Aboriginal Land Rights Essay

1564 words - 6 pages

Aboriginal Land Rights

Aboriginal Australians have always had an eternal bond with the land.
For the 50,000 years or more, they have occupied the continent; the
land provided not only the basic needs, but also the spiritual
beliefs. In the Dreaming, the forms of the land, mountains, rivers,
landscapes and animals took shape and the spirit of ancestors resided
in places that became sacred sites to the Aboriginal people. The land
to these people were their most precious commodity.

When white settlement began in Australia in 1788, the concept of terra
nullius {the land belonging to no-one} was adopted by the British.
This was assumed because the Aboriginals had not cultivated the land,
so it was uninhabited. However, the Mabo Case in 1992 changed this

The Mabo Case 1992

In May 1982, Eddie Mabo and four other Meriam people of the Murray
Islands in the Torres Strait area went to the High Court of Australia,
seeking confirmation of their traditional land rights. They claim that
Murray Island or Mer, and the surrounding islands and reefs had been
continuously inhabited by the Meriam people, but accepted it as part
of Queensland. However, they believe their native title rights still

This case was heard over ten years through the High Court and the
Queensland Supreme Court. On June 3 1992, the High Court ruled by a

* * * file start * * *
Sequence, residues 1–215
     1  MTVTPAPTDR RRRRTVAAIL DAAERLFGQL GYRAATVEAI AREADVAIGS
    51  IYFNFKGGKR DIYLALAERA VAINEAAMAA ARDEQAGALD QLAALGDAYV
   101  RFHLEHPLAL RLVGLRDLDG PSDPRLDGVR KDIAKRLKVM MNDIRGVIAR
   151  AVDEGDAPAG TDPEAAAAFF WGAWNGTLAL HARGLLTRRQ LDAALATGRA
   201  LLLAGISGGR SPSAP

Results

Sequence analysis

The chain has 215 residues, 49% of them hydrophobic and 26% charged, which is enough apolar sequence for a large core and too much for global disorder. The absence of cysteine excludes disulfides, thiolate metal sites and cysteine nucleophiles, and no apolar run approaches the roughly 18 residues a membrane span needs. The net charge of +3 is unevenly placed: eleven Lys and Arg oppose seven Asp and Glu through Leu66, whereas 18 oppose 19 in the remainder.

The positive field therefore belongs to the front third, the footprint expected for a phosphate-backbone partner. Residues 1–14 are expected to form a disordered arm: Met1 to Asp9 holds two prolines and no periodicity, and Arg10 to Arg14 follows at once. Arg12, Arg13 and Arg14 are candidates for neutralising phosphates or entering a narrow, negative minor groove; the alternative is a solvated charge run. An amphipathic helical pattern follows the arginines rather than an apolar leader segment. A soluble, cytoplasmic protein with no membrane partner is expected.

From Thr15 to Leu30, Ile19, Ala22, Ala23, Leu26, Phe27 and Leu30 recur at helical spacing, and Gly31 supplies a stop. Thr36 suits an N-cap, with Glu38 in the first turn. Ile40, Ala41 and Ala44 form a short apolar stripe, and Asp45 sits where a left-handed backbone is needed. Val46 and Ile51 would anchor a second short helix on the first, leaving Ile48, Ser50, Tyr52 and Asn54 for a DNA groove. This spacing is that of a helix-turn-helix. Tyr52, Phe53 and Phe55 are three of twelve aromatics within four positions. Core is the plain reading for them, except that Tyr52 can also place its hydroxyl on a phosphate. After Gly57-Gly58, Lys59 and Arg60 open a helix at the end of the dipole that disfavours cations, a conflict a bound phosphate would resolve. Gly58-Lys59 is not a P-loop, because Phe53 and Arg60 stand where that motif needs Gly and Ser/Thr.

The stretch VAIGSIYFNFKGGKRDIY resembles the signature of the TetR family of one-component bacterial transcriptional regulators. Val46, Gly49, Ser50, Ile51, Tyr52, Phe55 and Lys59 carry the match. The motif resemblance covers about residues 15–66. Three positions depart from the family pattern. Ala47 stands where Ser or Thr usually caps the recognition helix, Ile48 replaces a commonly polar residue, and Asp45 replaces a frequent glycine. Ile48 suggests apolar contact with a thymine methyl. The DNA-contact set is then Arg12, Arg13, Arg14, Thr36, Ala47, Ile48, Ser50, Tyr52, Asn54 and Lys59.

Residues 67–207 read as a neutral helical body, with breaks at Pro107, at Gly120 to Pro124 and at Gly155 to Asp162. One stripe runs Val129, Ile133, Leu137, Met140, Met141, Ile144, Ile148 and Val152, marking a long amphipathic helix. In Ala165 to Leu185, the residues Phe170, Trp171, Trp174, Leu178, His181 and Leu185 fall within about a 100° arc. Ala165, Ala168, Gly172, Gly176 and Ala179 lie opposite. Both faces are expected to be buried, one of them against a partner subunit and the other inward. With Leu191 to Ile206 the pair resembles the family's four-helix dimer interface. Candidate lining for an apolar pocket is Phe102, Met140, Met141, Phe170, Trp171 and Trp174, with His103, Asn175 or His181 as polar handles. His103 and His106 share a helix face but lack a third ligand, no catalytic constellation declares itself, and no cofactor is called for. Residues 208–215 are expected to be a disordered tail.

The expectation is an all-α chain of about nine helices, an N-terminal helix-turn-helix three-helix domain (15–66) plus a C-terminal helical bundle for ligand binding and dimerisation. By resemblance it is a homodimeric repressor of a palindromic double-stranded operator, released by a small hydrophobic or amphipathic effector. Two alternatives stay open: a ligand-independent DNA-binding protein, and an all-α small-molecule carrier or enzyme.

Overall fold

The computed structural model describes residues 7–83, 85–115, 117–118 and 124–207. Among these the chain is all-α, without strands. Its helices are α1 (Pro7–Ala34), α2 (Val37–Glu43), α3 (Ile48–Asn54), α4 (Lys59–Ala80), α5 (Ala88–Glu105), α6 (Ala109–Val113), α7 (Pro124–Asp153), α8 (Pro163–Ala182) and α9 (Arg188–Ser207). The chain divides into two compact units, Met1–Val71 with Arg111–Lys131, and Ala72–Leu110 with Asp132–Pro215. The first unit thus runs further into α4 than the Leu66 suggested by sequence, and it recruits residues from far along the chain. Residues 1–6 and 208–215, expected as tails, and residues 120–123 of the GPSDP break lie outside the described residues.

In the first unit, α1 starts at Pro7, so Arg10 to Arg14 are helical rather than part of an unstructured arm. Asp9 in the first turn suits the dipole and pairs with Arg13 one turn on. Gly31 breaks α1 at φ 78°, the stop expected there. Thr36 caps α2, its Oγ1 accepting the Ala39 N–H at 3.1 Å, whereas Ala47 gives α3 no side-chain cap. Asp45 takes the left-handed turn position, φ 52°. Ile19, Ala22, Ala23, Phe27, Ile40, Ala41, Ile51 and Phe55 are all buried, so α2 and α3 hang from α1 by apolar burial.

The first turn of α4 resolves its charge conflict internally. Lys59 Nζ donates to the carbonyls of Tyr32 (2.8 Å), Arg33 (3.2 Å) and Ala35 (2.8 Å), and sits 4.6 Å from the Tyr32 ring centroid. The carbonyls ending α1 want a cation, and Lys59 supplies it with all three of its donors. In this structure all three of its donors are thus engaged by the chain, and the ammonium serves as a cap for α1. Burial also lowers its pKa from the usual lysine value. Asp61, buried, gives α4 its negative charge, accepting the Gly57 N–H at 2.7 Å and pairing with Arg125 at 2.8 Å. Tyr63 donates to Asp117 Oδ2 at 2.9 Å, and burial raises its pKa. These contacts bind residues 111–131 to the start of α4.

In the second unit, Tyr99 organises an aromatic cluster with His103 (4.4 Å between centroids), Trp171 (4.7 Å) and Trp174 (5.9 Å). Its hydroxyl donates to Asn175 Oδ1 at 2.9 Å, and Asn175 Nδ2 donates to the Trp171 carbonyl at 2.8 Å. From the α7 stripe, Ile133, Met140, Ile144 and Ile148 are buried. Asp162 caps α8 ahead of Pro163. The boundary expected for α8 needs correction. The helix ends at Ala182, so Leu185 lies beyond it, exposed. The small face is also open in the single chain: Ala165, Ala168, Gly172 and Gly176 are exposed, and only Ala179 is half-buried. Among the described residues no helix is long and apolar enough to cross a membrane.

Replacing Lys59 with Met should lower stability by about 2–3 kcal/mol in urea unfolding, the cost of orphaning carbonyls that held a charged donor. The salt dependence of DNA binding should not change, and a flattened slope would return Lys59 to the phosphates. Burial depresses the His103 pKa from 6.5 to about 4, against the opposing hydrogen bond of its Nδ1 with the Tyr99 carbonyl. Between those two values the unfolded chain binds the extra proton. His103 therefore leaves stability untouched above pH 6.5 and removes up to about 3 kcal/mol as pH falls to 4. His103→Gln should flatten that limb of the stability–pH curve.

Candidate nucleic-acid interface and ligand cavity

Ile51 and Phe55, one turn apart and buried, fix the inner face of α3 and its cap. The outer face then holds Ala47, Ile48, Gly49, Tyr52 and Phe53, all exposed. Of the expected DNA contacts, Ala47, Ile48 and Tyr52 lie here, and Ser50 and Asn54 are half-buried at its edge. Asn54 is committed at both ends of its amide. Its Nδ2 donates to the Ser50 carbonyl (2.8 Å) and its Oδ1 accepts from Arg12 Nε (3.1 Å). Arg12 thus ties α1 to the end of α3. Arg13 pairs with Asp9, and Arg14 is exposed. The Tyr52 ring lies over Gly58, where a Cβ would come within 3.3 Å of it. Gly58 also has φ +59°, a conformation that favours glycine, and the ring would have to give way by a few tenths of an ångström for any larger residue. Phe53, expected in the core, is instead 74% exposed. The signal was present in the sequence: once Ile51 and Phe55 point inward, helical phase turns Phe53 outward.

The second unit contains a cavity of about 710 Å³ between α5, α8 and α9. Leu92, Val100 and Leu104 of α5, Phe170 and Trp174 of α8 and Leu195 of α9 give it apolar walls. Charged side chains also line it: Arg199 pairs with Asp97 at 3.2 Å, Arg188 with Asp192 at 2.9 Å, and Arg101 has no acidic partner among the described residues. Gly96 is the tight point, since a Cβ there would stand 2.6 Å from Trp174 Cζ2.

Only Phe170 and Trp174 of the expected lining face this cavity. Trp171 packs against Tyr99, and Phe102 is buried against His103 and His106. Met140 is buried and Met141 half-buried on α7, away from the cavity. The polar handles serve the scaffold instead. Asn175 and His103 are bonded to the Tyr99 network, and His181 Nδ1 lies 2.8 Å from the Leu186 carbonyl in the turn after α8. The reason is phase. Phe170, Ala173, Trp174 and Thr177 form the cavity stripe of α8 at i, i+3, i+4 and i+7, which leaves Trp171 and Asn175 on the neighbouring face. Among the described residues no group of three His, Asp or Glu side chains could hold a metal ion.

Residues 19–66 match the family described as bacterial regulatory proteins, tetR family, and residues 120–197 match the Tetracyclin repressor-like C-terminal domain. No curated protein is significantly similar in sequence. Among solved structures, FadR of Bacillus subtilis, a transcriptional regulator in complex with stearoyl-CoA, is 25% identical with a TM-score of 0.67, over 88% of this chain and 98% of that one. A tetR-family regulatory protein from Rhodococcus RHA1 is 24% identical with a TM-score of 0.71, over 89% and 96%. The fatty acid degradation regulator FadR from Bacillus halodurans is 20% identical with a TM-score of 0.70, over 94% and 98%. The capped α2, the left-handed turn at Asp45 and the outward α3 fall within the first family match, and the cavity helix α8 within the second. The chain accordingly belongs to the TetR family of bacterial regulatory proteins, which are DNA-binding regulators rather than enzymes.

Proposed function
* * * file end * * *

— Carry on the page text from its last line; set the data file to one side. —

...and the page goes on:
majority of six to one that the claim that the lands of Australia were
not terra nullius and that the Meriam people were entitled to the land
of the Murray Islands.

The common belief that Australia was terra nullius was struck down and
that native titles overruled settlement. The judgment contained the
statement that the common law was unjust and did not respect
Aboriginals as equals before the law. It also found it was out of step
with international human rights and that Aboriginals had been
dispossessed of their land rights unlawfully.

Native Title Act 1993

After the Mabo case which recognised the existence of native title
rights, Land Councils lobbied the Federal Government to legislate to
protect any native title that had survived 200 years of colonisation.

The Native Title Act 1993 is part of the Commonwealth Government's
response to that historic High Court decision. The Native Title Act
came into operation on 1 January 1994

The Act does five things:

* It recognises and protects native title.

* It provides a regime to enable future dealings in native title
lands and imposes conditions on those dealings

* It provides for the validation of any past grants of land that may
otherwise have been invalid because of the existence of native

* It establishes a regime to ascertain where native title exists,
who holds it and what it is, and to determine compensation for

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